2. When you look at all of these customer service issues, I can’t help think that taken together, from the standpoint of the customer, they make a compelling case for small business: like going to your local hardware store for keys instead of someplace like Lowe’s or Home Depot. I also think that the way you treat your employees is going to impact how they treat your customers. You can spot it right away when the staff is beat down and demoralized. Just fly United Airlines.

    • Ken — agree that how employees behave is a reflection of they are treated and valued. That’s why Costco, which pays its employees well with benefits, is beating out Walmart’s which isn’t known for valuing its employees.

  3. It’s too bad that giving service has, to many people in the West, become something negative. They feel it’s beneath them and for that reason don’t treat customers the way they should be treated.

    Every week I buy hummus from a store owned by Arabs. One of the Middle Eastern guys behind the shelf immeditately when he notices me prepares hummus for me. And it’s not just me but all customers, regardless of what they are buying, who are getting such fantastic service.

    Recently I noticed that he was not behind the counter and it just so happened that the owner walked up. So I asked about the shop’s assistant. Was told he was doing some work behind the scenes which prompted me to praise him and explain what a loss that was to the shop to have someone who creates enormous good will with customers to be out of sight. He should be in positions where he can serve customers in his fantastic way. As a result, the service minded shop’s assistant is now behind the counter again and it’s a delight to go and buy hummus.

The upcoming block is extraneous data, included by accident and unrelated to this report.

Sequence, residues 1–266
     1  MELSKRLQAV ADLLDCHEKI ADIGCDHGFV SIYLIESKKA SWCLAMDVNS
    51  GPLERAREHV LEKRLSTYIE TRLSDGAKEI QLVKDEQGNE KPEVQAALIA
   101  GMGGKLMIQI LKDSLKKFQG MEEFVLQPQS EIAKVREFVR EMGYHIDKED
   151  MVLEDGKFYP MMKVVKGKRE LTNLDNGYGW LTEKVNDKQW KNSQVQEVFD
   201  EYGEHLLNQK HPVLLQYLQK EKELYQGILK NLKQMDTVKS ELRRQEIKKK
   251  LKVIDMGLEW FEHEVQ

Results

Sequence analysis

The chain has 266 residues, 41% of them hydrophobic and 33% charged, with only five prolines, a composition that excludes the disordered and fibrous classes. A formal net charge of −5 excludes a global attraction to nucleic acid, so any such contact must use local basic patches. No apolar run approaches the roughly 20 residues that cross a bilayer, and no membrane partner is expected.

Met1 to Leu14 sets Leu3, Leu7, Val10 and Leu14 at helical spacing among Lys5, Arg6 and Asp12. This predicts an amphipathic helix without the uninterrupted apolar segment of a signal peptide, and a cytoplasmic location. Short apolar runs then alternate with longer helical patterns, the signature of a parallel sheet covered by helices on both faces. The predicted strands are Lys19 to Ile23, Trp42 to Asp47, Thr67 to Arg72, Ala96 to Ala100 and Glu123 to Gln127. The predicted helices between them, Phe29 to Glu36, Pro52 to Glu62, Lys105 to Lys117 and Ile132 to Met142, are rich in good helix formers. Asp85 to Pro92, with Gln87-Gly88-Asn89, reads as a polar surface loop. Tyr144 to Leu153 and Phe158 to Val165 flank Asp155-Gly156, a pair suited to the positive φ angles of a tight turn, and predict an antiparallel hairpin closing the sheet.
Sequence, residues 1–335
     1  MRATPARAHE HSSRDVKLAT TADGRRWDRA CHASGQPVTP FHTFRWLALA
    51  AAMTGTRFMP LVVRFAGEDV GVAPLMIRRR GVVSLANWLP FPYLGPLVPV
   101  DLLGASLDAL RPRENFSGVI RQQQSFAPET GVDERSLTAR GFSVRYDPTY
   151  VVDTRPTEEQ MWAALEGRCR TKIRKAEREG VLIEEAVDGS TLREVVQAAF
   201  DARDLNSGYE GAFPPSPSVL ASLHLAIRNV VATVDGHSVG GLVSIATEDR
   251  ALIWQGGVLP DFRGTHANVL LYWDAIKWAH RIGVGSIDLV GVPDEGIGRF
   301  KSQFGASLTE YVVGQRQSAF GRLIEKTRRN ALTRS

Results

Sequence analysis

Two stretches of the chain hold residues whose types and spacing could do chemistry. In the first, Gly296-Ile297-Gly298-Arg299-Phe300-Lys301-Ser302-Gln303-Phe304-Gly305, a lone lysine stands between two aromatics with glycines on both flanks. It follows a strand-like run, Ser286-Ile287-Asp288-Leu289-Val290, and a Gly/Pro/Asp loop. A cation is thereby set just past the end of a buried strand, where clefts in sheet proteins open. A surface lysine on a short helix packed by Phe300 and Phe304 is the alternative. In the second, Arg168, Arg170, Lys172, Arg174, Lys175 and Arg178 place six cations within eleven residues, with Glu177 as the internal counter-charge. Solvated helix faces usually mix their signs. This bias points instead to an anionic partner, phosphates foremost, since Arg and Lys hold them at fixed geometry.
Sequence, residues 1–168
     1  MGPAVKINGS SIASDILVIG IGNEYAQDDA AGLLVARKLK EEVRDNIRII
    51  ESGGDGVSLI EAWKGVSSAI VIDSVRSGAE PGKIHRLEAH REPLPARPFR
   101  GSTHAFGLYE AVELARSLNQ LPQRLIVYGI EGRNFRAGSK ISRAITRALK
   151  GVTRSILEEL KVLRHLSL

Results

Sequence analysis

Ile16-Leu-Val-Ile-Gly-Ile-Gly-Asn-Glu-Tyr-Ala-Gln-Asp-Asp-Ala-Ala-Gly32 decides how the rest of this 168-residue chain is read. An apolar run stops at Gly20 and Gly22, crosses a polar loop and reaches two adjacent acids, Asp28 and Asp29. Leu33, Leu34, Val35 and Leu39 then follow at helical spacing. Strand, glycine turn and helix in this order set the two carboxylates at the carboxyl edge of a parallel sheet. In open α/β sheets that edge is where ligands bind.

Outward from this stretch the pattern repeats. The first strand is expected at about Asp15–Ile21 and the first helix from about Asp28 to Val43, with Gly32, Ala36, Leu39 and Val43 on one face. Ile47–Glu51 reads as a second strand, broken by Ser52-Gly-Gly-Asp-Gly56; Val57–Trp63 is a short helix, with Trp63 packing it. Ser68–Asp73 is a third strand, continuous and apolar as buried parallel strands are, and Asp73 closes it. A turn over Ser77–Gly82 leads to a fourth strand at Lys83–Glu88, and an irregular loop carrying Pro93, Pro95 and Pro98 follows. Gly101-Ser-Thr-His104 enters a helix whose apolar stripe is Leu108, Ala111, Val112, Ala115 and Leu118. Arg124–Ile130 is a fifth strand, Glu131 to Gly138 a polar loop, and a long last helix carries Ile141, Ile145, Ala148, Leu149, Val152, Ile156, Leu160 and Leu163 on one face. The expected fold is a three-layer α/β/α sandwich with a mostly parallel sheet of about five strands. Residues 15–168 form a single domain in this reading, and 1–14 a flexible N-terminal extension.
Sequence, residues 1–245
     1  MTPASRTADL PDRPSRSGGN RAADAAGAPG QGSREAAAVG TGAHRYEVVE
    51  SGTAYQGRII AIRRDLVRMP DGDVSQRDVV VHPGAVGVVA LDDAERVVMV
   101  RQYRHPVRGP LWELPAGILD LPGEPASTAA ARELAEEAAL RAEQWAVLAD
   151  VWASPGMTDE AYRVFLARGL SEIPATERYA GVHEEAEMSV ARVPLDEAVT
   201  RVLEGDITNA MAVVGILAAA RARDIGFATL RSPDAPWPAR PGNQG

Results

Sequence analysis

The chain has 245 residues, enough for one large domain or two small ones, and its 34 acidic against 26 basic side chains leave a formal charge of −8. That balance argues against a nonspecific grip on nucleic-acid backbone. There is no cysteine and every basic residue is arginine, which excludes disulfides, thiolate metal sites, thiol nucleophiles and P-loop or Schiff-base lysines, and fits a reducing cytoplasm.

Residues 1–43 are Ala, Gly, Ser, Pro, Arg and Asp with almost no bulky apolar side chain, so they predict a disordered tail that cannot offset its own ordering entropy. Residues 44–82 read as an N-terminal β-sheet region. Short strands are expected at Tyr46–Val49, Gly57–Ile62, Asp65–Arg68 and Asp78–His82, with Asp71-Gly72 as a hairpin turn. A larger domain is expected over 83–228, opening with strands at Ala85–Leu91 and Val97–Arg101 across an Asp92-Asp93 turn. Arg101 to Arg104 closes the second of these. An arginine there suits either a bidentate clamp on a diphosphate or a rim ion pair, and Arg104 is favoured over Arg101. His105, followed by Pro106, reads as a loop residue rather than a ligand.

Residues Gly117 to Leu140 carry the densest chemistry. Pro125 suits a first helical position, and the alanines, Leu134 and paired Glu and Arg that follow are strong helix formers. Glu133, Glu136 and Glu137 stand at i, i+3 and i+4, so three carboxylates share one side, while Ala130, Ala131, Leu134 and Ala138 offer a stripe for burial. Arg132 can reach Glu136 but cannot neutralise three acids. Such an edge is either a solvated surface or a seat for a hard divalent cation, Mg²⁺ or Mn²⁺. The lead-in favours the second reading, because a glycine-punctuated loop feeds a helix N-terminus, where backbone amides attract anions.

• Catarina — what a wonderful story. I think we’re always quick to complain about service but it’s also important to compliment an employee, too. Possibly the owner didn’t realize how valuable his employee was behind the counter and not hidden away. He might never have known if you didn’t tell him. When I get especially good telephone support, I’ll ask the agent for the name and contact information of his boss and send a note to compliment the employee. Feel it’s the least I can do.

  4. I think the most important thing is treating your customer with respect. This is missing with most huge companies now. They believe THEY are doing a customer a favor by letting them buy their product.
    When you treat anyone with respect, you are connecting with them on a human level. Your customer will now feel connected with you.